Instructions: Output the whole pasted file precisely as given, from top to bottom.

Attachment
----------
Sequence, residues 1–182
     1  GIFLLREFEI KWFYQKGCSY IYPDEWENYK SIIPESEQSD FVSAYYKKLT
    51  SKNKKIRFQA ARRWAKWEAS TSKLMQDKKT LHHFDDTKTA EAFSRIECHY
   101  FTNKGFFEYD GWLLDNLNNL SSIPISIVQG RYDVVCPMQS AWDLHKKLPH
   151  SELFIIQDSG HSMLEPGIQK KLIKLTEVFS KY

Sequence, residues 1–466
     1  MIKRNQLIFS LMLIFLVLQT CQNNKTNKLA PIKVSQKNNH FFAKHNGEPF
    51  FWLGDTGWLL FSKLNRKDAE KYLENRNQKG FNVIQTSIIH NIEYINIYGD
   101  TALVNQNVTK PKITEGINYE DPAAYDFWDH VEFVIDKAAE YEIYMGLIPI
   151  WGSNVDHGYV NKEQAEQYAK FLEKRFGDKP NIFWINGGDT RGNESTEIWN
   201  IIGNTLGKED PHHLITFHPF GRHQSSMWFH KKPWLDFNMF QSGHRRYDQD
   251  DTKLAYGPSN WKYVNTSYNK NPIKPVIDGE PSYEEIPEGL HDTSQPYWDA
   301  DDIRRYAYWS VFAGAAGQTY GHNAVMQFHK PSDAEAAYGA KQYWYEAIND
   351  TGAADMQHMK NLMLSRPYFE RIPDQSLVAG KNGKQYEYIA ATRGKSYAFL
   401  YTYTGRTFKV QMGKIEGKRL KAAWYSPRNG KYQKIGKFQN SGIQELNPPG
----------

Sequence, residues 1–182
     1  GIFLLREFEI KWFYQKGCSY IYPDEWENYK SIIPESEQSD FVSAYYKKLT
    51  SKNKKIRFQA ARRWAKWEAS TSKLMQDKKT LHHFDDTKTA EAFSRIECHY
   101  FTNKGFFEYD GWLLDNLNNL SSIPISIVQG RYDVVCPMQS AWDLHKKLPH
   151  SELFIIQDSG HSMLEPGIQK KLIKLTEVFS KY

Sequence, residues 1–466
     1  MIKRNQLIFS LMLIFLVLQT CQNNKTNKLA PIKVSQKNNH FFAKHNGEPF
    51  FWLGDTGWLL FSKLNRKDAE KYLENRNQKG FNVIQTSIIH NIEYINIYGD
   101  TALVNQNVTK PKITEGINYE DPAAYDFWDH VEFVIDKAAE YEIYMGLIPI
   151  WGSNVDHGYV NKEQAEQYAK FLEKRFGDKP NIFWINGGDT RGNESTEIWN
   201  IIGNTLGKED PHHLITFHPF GRHQSSMWFH KKPWLDFNMF QSGHRRYDQD
   251  DTKLAYGPSN WKYVNTSYNK NPIKPVIDGE PSYEEIPEGL HDTSQPYWDA
   301  DDIRRYAYWS VFAGAAGQTY GHNAVMQFHK PSDAEAAYGA KQYWYEAIND
   351  TGAADMQHMK NLMLSRPYFE RIPDQSLVAG KNGKQYEYIA ATRGKSYAFL
   401  YTYTGRTFKV QMGKIEGKRL KAAWYSPRNG KYQKIGKFQN SGIQELNPPG